Cover image for Strange fruit : plays on lynching by American women
Title:
Strange fruit : plays on lynching by American women
Author:
Perkins, Kathy A., 1954-
Publication Information:
Bloomington : Indiana University Press, [1998]

©1998
Physical Description:
x, 423 pages ; 25 cm
Language:
English
Contents:
Lynching dramas and women : history and critical context / Impact of lynching on the art of African American women / Rachel (1916) / Aftermath (1919) / Forfeit (1925) / Sunday morning in the South (1925) ; Safe (c.1929) ; Blue-eyed Black boy (c.1930) / Climbing Jacob's ladder (1931) / Black souls (1932) / Nails and thorns (1933) / Lawd, does you undahstan'? (1936) / Voice in the wilderness (1944) / Strange fruit (1945) / Miss Ida B. Wells (1983) / Bridge party (1989) / Iola's letter (1994)
ISBN:
9780253333568

9780253211637
Format :
Book

Available:*

Library
Call Number
Material Type
Home Location
Status
Central Library PS627.L95 S73 1998 Adult Non-Fiction Central Closed Stacks
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Summary

Summary

Addresses the impact of lynching on US theater and culture. By focusing on women's view of lynching, this collection of plays reveals a social history of interracial cooperation between black and white women and an artistic tradition that continues to evolve through the work of African American women artists.


Summary

"These lynching dramas may not present the picture that America wants to see of itself, but these visions cannot be ignored because they are grounded--not only in the truth of white racism's toxic effect on our national existence but also in the truth that there exists a contesting, collective response that is part of an on-going and continually building momentum." --Theaatre Journal

"A unique, powerful collection worthy of high school and college classroom assignment and discussion." --Bookwatch

This anthology is the first to address the impact of lynching on U.S. theater and culture. By focusing on women's unique view of lynching, this collection of plays reveals a social history of interracial cooperation between black and white women and an artistic tradition that continues to evolve through the work of African American women artists. Included are plays spanning the period 1916 to 1994 from playwrights such as Angelina Weld Grimke, Georgia Douglas Johnson, Lillian Smith, and Michon Boston.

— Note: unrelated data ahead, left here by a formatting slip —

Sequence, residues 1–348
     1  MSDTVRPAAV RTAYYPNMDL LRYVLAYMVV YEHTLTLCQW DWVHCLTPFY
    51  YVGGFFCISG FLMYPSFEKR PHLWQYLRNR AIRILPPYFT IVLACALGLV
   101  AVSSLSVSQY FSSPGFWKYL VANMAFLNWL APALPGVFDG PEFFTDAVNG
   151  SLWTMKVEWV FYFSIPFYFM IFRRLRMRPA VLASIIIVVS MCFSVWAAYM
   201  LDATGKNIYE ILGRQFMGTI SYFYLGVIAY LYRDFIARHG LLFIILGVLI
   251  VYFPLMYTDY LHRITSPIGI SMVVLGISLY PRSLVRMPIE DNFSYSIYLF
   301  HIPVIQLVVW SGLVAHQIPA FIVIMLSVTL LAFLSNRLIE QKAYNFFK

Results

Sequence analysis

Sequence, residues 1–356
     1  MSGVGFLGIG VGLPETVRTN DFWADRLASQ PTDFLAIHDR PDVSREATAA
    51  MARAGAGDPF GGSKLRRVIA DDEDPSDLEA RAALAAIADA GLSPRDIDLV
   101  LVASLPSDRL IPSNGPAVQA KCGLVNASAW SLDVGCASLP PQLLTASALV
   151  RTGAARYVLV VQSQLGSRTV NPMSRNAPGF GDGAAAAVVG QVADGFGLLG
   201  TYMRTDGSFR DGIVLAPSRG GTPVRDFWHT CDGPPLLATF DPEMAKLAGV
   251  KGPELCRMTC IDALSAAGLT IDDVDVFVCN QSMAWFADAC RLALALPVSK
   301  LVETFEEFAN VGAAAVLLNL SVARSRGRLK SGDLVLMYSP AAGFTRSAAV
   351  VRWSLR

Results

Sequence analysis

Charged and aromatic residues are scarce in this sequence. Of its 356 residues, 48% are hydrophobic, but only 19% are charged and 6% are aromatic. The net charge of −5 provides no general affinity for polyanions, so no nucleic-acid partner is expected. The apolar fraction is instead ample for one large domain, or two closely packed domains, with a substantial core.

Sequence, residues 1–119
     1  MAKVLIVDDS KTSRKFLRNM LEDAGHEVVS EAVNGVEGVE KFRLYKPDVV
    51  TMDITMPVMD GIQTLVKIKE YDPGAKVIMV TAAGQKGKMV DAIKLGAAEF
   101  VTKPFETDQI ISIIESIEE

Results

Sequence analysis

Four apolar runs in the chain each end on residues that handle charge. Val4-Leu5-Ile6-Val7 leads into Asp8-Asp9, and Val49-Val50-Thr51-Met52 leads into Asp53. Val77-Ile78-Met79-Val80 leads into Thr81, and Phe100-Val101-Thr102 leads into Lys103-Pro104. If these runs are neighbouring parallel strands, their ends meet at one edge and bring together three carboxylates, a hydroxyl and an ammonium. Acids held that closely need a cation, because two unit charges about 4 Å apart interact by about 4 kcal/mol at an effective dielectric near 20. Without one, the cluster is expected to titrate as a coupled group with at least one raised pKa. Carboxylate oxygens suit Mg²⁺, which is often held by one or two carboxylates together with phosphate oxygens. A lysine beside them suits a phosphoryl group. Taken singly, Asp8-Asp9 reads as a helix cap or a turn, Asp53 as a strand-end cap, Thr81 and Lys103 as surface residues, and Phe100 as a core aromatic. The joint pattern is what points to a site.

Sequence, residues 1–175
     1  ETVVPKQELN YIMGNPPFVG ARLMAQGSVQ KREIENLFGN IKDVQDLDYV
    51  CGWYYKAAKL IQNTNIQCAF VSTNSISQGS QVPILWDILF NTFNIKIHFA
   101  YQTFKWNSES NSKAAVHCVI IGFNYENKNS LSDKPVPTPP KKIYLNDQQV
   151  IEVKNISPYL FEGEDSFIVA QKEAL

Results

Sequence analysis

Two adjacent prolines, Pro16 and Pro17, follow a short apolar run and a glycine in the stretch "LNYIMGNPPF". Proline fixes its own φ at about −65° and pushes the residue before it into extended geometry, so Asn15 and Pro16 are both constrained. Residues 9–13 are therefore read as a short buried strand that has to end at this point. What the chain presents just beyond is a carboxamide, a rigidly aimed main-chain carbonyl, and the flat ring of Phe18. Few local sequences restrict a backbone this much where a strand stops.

Author Notes

Kathy A. Perkins is Associate Professor of Theater at University of Illinois where she heads the Theater Lighting Design Program. She is also the author of Black Female Playwrights: An Anthology of Plays before 1950 and co-editor of Contemporary Plays by Women of Color.
Judith L. Stephens, Associate Professor of Speech Communication at Pennsylvania State University, Schuylkill, serves on the executive Board of the Black Theater Network. She has published articles on women in American theater in African American Review, Theatre Journal, Theatre Annual, Text and Performance Quarterly, and The Journal of American Drama and Theater.


Reviews 2

Choice Review

Two short essays by the editors introduce this collection of 15 plays from 13 women. The most notable playwrights included are Lillian Smith (Strange Fruit) and Angelina Weld Grimke, whose Rachel (1920) is the earliest known work on lynching, which the editors consider a genre. Each play in the anthology deals with a lynching's cause or its aftermath. This collection demonstrates that antilynching ideology in drama creates a new opportunity for studying both drama and culture, "how theatre reflects the intersection of artistic and social movements." Although works on this subject by white male authors such as Faulkner and Dreiser and by the African American author Richard Wright, in his collection Uncle Tom's Children, have been more often anthologized, this work reprints women's plays and appends a list of others not included according to era, author's race, and author's gender. In addition, the extensive list of articles and books on the subject makes the book a handy tool for both black studies and women's studies, but from a dialectical rather than a literary approach. All collections. A. Hirsh emeritus, Central Connecticut State University


Choice Review

Two short essays by the editors introduce this collection of 15 plays from 13 women. The most notable playwrights included are Lillian Smith (Strange Fruit) and Angelina Weld Grimke, whose Rachel (1920) is the earliest known work on lynching, which the editors consider a genre. Each play in the anthology deals with a lynching's cause or its aftermath. This collection demonstrates that antilynching ideology in drama creates a new opportunity for studying both drama and culture, "how theatre reflects the intersection of artistic and social movements." Although works on this subject by white male authors such as Faulkner and Dreiser and by the African American author Richard Wright, in his collection Uncle Tom's Children, have been more often anthologized, this work reprints women's plays and appends a list of others not included according to era, author's race, and author's gender. In addition, the extensive list of articles and books on the subject makes the book a handy tool for both black studies and women's studies, but from a dialectical rather than a literary approach. All collections. A. Hirsh emeritus, Central Connecticut State University


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